always be associated, for it is a work that can neither be superseded nor excelled.
He was the first to arouse English scholars to the importance of this, as may be read in the dedication of a partial edition taken from the Percy manuscripts and published in London in 1861.
He recognized in them the true foundation of the finest literature of the modern world, and he considered them so much the better from the fact that they were not composed to be printed, but to be recited or sung.
Matthew Arnold wrote in a letter from America: After lecturing at Taunton, I came to Boston with Professor Child of Harvard, a very pleasant man, who is a great authority on ballad poetry, very warm praise, considering the source whence it came.
Late in life Professor Child edited separate versions in modern English of some curious old ballads, and sent them as Christmas presents to his friends.
It is not surprising that he should have been interested as well in the rude songs of the British sailor
James Russell Lowell resigned the chair of poetry at Harvard no one could be found who could exactly fill his place, and it was much the same at Oxford after Matthew Arnold retired.
The difference between then and now would seem to reside in the fact, that poetry is more easily remembered than prose.
From the time of Homer uner and amusing writer.
We find nothing concerning Disraeli, Trollope, or Wilkie Collins.
Neither do we hear of critical and historical writers like Ruskin, Matthew Arnold, Carlyle, and Froude.
He went, however, to call on Carlyle in England, and was greatly impressed by his conversation.
The scope of Longfellow's reading doespetual iambics of Byron and Wordsworth.
Evangeline is perhaps the most successful instance of Greek and Latin hexameter being grafted on to an English stem.
Matthew Arnold considered it too dactylic, but the lightness of its movement personifies the grace of the heroine herself.
Lines like Virgil's Illi inter sese multa VI bra
e was any truth in it, it seems probable that he would have confided the fact to more intimate friends.
There are well-authenticated instances of visions seen by persons in a waking condition — this always happens, for instance, in delirium tremens-but they are sure to indicate nervous derangement, and are commonly followed by death.
If there was ever a poet with a sound mind and a sound body, it was James Russell Lowell.
Edwin Arnold considered him the best of American poets, while Matthew Arnold did not like him at all. Emerson, in his last years, preferred him to Longfellow, but it is doubtful if he always did so. The strong point of his poetry is its intelligent manliness,--the absence of affectation and all sentimentality; but it lacks the musical element.
He composed neither songs nor ballads,--nothing to match Hiawatha, or Gray's famous Elegy.
America still awaits a poet who shall combine the savoir faire of Lowell with the force of Emerson and the grace and purity of Lo
, though excellent in themselves, were not suited to the taste of his audiences.
But Sumner was always strong and effective, and that is, after all, the main point.
Like Webster he possessed a logical mind, and the profound earnestness of his nature gave an equally profound conviction to his words.
Besides this, Sumner possessed the heroic element, as Patrick Henry and James Otis possessed it. After Webster's death there was no American speaker who could hold an audience like him.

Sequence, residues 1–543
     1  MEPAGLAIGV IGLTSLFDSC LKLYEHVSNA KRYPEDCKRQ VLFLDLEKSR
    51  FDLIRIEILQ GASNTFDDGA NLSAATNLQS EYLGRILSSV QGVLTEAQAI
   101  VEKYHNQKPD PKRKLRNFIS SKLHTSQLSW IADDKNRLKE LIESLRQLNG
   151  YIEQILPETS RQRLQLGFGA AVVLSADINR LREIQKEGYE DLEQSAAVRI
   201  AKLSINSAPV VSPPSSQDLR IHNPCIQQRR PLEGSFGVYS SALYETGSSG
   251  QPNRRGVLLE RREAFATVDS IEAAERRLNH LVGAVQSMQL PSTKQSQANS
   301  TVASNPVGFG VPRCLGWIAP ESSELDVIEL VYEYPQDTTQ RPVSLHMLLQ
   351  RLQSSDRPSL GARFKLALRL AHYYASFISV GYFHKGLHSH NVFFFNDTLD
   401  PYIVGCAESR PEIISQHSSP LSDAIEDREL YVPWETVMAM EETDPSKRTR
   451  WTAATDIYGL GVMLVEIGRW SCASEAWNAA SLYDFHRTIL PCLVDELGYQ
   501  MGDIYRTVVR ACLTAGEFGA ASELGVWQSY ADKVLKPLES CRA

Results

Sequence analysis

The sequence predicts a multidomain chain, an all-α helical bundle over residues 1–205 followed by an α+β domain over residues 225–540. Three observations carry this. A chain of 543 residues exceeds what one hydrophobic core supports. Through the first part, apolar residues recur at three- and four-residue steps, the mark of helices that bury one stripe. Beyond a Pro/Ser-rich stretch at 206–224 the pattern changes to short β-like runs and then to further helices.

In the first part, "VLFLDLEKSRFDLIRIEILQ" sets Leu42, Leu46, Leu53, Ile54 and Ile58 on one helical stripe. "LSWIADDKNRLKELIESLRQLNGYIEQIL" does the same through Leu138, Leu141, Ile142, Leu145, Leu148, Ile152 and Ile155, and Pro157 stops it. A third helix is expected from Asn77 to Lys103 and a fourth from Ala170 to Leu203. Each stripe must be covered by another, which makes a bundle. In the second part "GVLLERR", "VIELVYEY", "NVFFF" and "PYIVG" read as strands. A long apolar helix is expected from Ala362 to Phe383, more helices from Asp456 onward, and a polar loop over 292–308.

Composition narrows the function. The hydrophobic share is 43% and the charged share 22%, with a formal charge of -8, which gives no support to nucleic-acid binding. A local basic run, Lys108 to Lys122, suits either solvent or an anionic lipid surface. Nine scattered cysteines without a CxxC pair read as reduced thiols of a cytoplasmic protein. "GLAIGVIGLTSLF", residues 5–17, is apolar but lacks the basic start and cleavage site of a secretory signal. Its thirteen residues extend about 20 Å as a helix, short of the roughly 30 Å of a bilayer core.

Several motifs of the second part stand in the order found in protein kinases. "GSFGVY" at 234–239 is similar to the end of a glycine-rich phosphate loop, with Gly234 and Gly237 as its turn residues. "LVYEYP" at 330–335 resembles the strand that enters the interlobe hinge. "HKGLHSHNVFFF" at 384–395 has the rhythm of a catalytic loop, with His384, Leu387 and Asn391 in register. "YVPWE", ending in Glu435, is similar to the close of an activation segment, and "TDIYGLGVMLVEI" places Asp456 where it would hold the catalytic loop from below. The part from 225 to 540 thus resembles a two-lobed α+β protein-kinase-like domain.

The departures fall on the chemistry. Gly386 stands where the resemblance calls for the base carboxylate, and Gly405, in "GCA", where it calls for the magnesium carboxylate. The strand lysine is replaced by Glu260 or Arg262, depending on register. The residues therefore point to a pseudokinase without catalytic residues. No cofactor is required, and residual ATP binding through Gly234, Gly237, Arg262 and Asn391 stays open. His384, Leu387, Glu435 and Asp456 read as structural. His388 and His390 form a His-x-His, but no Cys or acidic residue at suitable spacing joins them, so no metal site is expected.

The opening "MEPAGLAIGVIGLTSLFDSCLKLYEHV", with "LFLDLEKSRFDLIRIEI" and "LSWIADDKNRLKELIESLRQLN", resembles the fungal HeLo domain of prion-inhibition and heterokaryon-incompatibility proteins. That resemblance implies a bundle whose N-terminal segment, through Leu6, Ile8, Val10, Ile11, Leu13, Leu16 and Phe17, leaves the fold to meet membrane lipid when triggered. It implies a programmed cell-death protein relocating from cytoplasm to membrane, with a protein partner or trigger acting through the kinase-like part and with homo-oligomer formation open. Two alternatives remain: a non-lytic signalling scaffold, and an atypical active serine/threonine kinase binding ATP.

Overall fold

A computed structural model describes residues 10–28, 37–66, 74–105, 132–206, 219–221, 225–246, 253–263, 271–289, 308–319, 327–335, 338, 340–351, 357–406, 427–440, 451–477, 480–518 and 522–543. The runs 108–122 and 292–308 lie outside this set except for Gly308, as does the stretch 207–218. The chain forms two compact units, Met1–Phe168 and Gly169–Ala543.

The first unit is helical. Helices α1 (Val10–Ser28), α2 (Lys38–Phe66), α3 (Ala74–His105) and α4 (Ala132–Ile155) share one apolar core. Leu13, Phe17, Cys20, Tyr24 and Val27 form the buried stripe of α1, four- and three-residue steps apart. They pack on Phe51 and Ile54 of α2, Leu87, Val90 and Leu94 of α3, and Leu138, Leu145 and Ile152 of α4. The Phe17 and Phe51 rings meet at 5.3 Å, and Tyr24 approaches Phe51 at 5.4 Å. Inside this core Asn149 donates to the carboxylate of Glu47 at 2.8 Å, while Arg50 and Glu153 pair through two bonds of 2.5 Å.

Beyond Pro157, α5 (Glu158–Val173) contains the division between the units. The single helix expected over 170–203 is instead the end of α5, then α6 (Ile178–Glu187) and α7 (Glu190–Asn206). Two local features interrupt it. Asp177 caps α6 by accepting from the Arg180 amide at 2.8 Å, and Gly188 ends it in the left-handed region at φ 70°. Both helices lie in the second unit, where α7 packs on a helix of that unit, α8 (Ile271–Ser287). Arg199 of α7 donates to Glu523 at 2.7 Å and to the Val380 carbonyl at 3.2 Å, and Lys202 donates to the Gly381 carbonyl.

Matthew Arnold, in his better days, said that Burke's oratory was too rich and overloaded.
This is true, but it is equally true that Burke is the only orator of the eighteenth century that still continues to be read.
He had a faulty delivery and an ungainly figure, but if he emptied the benches in the House of Commons he secured a larger audience in coming generations.
The material of his speeches is of such a vital quality that it possesses a value wholly apart from the time and occasion of its del
r evenings in Rome, and I said, In all kinds of study and reading, but just now P-- was at work on Browning's Ring and the Book.
Mr. Longfellow laughed. I do not wonder you call it work, he said.
It seems to me a story told in so many different ways may be something of a curiosity — not much of a poem.
I have since observed that poets as a class are not fair critics of poetry; for they are sure to prefer poetry which is like their own. This is true at least of Lowell, Emerson, or Matthew Arnold; but when I came to read The Ring and the book I found that Longfellow's objection was a valid one.
I remarked that Rev. Mr. Longfellow had a decided partiality for Browning.
Yes, he said; Sam likes him, and my friend John Weiss prefers him to Tennyson.
My objection is to his diction.
I have always found the English language sufficient for my purpose, and have never tried to improve on it. Browning's Saul and The Ride from Ghent to Aix are noble poems.
Carlyle also, I said, has
uch verses as:
What time the gods kept carnival; Tricked out in gem and flower; And in cramp elf and saurian form They swathed their too much power.
A person who lacks some knowledge of geology would not be likely to understand this.
Matthew Arnold and Edwin Arnold had no very high opinion of Emerson's poetry; and even Carlyle, who was Emerson's best friend in Europe, spoke of it in rather a disparaging manner.
The Mountain and the Squirrel and several others have been translated intoeld a very similar opinion, and David A. Wasson considered Emerson's Problem one of the great poems of the century.
These men were all poets themselves, though they did not make a profession of it, and in that character were quite equal to Matthew Arnold, whose lecture on Emerson was evidently written under unfavorable influences.
They were men who had passed through similar experiences to those which developed Emerson's mind and character, and could therefore comprehend him better than othe